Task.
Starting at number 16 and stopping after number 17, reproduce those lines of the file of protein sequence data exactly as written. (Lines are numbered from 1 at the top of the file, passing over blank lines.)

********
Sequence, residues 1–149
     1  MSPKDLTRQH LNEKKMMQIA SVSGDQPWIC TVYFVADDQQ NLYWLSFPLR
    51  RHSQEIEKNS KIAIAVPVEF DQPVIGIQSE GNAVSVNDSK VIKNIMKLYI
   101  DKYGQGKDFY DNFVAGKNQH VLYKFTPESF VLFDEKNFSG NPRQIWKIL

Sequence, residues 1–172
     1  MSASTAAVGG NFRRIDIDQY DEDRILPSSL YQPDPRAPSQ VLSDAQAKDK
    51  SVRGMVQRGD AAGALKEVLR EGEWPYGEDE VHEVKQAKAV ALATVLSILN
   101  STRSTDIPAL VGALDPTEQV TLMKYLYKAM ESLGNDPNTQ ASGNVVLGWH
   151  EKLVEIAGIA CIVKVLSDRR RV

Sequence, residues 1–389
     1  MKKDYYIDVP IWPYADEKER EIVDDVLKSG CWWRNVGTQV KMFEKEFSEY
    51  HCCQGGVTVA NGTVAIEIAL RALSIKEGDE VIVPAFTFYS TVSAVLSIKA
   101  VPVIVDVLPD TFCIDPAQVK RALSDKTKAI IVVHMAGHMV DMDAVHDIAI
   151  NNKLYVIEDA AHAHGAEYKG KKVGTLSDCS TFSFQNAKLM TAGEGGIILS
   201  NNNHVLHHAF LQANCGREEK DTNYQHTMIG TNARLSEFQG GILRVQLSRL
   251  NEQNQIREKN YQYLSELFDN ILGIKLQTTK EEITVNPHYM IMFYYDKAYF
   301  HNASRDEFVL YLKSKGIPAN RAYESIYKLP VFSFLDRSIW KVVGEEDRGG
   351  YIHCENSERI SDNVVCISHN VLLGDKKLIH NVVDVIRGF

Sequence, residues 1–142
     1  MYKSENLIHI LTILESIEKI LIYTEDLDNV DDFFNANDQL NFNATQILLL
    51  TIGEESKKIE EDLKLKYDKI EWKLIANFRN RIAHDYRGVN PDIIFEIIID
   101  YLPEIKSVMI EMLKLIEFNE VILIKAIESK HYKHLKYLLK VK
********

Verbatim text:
   251  NEQNQIREKN YQYLSELFDN ILGIKLQTTK EEITVNPHYM IMFYYDKAYF
   301  HNASRDEFVL YLKSKGIPAN RAYESIYKLP VFSFLDRSIW KVVGEEDRGG